My thoughts: I have very mixed feelings on The Good Book.

Spoo seems to be suggesting that new believers need to read books about the Bible more than they need to read the Bible itself--that handing a new believer, a new disciple, a copy of this book, for example, would be more beneficial than handing them the very Word of God. He assumes that they simply are not ready for the Bible.

Spoo promises much in the introduction. "After understanding these chapters, you’ll be able to recognize the rhythm of the Scriptures and tap your toes to the cadence." Also, "Finally, I encourage you to reread the Bible chapter with the benefit of knowing more about the context and content." I was led to believe that Spoo's exploration of these passages would be MEATY, providing actual content and context. I didn't find that to be the case.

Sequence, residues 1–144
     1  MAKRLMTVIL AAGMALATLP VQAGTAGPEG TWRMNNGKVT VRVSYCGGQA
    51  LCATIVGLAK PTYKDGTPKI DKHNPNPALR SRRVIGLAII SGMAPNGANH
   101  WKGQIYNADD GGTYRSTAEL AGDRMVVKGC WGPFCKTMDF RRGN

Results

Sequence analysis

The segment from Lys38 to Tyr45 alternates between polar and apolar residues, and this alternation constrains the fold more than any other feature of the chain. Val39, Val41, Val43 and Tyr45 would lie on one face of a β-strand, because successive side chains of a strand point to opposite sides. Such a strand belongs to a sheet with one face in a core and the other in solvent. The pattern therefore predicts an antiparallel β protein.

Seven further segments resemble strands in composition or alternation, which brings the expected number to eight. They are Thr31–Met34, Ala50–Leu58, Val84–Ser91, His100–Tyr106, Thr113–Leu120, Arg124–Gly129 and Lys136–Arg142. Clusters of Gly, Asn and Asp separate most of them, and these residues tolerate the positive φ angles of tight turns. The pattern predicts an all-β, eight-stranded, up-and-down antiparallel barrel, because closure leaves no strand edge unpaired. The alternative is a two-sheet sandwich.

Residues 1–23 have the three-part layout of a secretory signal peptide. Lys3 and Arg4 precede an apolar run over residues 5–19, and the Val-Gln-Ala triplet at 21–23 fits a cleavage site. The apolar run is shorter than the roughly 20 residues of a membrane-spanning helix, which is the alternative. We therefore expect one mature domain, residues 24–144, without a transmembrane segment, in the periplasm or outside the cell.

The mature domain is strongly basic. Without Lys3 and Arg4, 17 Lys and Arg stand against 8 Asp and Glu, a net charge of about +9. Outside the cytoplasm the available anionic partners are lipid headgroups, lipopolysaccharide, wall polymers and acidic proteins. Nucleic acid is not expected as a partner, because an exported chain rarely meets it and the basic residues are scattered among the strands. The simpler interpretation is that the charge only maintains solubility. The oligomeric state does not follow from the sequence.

Though the introduction seems to be God-centered, gospel-centered, Spoo has a tendency to wander into it's-all-about-you land. In some of his discussions, the focus doesn't seem to be on God but on YOU and what YOU can get from the passage to make you feel warm and fuzzy.

But. My main issue with this book, however, is the dominance of stories, more stories, even more stories which overbalance any focus on the text of Scripture itself. There may be the barest of backbones of context--capable of being detected within each chapter--but, the focus isn't on the Word of God, isn't on the divine or human author of the book, isn't on what it meant to the original audience or even what it means today to you and me. If you're clueless--truly clueless--about the Bible, about the faith, hearing anecdotes and personal stories that have just the smallest link to the Scripture passage itself will not strengthen your faith and shine light on your path.